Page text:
MANATEE COUNTY, Fla. — There is no second breach at the old Piney Point phosphate plant, according to the Florida Department of Environmental Protection.
Meanwhile, the effort continues to pump out more than 35 million gallons of water a day to prevent a collapse of the gypsum stack and an uncontrolled spill of contaminated water.
As of Monday, more than two dozen pumps were deployed and drone teams were monitoring every hour.
The Florida DEP said controlled discharges are ongoing to stabilize the system, while uncontrolled discharge to Piney Point Creek stopped. It continues monitoring an area with "concentrated seepage" from an east wall contained on-site.
“We’re at about 35 million gallons this morning per day we should be looking at anywhere from 75 to 100 million gallons a day by the end of the day so you can see how we can more rapidly deplete the volume in the retaining pool which is that greatest risk,” said Manatee County administrator Dr. Scott Hopes.
An EPA on-scene coordinator arrived, and the US Army Corps of Engineers aid it’s providing technical assistance and advice.
The Tampa Bay Estuary Program said it’s helping to coordinate monitoring of the impact to the bay with partners.
“The main concern for this water is the very substantial nutrient load that’s in that stack that’s being drained right now. It’s more than a year’s worth of nitrogen of nutrient pollution being delivered to the bay in about a 5-10 day period so that’s pretty significant,” said Maya Burke, the program’s assistant director.
Burke said right now, the concern is about the southeastern shore of the bay.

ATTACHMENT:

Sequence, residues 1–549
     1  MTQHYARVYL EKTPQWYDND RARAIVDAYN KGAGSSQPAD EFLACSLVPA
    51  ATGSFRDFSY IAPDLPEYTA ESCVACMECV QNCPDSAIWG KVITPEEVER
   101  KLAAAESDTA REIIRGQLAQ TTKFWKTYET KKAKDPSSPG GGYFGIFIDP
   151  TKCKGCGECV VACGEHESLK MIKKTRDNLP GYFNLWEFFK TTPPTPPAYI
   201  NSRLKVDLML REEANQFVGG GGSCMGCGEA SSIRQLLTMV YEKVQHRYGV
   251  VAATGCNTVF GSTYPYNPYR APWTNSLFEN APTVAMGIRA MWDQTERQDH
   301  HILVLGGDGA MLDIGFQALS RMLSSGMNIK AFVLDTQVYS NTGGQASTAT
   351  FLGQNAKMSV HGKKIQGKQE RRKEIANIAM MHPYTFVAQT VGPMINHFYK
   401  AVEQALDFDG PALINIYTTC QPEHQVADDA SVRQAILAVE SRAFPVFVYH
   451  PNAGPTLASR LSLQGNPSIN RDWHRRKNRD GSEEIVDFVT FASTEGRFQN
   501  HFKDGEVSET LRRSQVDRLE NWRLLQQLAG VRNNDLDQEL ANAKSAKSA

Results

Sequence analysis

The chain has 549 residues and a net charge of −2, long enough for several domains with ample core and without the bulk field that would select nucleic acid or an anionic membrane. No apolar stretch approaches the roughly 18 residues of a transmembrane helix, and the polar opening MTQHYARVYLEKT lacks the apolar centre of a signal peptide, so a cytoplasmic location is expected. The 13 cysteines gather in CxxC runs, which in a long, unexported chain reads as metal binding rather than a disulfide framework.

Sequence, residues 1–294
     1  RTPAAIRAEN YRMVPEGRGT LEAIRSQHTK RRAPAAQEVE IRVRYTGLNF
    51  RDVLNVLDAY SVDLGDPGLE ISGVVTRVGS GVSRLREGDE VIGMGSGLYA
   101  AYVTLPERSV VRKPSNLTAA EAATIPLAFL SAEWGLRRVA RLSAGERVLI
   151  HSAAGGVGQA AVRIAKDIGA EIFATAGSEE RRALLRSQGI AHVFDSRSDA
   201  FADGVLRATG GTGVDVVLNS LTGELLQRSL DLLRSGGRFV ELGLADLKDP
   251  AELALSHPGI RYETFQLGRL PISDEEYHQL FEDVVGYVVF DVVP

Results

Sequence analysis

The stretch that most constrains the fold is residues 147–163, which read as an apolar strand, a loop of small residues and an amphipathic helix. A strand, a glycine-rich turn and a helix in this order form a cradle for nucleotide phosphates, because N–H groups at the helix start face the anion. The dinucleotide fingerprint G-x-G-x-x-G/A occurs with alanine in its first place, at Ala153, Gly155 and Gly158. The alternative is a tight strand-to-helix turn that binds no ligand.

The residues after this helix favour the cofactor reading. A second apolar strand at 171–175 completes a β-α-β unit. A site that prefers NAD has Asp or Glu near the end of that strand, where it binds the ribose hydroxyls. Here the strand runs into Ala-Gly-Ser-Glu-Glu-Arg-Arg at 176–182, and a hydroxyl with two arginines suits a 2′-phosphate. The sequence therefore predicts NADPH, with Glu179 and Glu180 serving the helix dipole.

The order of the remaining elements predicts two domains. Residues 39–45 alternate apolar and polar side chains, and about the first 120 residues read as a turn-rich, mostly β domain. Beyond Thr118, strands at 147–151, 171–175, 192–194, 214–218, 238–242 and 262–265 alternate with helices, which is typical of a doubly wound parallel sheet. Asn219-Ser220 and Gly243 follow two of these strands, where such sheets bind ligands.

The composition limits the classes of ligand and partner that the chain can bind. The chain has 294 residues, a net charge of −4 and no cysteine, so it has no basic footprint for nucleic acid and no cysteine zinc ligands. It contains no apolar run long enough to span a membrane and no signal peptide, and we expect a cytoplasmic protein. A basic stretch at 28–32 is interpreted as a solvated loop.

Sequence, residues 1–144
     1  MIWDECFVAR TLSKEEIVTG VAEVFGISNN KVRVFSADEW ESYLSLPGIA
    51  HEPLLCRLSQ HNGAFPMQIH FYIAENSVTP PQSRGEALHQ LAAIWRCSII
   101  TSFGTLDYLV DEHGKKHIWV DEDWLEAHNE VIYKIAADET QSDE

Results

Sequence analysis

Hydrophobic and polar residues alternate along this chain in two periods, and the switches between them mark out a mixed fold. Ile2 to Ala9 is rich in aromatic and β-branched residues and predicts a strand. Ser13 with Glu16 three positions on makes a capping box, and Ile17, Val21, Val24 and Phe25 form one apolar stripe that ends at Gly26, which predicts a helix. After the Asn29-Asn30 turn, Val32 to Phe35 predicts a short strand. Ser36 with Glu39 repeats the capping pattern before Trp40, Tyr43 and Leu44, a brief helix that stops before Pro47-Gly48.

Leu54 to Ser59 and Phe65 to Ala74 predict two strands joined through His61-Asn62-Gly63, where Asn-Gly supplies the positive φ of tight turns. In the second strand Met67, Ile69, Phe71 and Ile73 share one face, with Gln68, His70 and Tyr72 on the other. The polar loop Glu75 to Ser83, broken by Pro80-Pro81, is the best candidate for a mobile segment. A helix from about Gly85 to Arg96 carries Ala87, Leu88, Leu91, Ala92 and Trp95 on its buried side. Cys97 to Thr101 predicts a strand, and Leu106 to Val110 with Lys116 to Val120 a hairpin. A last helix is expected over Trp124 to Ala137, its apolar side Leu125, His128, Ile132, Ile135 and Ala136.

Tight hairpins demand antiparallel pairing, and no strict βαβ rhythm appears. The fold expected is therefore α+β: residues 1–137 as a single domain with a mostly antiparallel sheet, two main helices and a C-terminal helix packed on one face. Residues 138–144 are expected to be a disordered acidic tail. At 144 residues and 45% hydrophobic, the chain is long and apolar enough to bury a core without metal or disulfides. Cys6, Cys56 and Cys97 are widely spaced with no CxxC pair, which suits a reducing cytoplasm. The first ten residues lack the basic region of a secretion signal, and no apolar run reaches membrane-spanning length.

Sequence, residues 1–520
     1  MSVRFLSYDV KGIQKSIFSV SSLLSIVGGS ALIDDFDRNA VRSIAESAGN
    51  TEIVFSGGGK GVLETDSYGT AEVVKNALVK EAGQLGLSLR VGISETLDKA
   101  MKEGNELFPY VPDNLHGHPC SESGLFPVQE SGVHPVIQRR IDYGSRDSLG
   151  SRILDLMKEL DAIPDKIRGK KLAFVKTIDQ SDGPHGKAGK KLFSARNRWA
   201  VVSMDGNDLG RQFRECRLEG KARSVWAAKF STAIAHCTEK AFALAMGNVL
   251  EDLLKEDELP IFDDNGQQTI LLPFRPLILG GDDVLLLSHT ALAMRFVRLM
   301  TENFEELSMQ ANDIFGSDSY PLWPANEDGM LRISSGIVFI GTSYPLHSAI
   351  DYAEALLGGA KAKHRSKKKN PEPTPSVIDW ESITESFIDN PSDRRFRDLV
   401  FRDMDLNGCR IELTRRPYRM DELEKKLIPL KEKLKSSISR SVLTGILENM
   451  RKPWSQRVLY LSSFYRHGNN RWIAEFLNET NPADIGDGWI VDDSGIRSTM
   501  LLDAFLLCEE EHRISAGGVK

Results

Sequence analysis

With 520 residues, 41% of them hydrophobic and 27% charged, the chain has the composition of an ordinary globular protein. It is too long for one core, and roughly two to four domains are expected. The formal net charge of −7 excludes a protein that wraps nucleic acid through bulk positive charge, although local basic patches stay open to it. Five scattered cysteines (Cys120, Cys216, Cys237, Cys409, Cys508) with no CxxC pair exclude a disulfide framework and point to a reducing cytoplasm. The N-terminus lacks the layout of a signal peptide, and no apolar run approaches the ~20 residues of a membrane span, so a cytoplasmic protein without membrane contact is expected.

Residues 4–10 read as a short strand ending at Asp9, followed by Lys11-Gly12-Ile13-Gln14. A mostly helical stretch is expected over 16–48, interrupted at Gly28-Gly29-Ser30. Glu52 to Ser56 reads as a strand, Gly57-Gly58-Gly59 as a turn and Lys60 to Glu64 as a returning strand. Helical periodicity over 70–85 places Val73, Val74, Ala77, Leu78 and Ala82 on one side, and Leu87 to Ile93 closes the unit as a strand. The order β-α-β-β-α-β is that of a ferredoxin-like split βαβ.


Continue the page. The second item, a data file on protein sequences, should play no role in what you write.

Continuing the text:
“This is mostly a water quality event that could have impacts in terms of macroalgae blooms or other things that affect these resources we really protect and manage the bay for like seagrass, fish and wildlife,” she said.
The Florida DEP said it’s working to “deploy innovative technologies” to remove nutrients from the water before discharge.
“Even if they drain out all of the one pond that’s of concern right now, there are two other ponds at the Piney Point facility that need to be addressed. That water needs to be treated and there needs to be that necessary investment to properly close the facility once and for all,” said Burke.
Meanwhile, others are concerned about what happens next.
“Something like this has to be addressed,” said John Rehill.
He lives just a couple of miles from the evacuation zone and has written about phosphate mining and environmental issues.
“My concern is that the cure doesn’t hurt us more than the disease," Rehill continued.
Manatee County said there are no plans to expand the evacuation zone.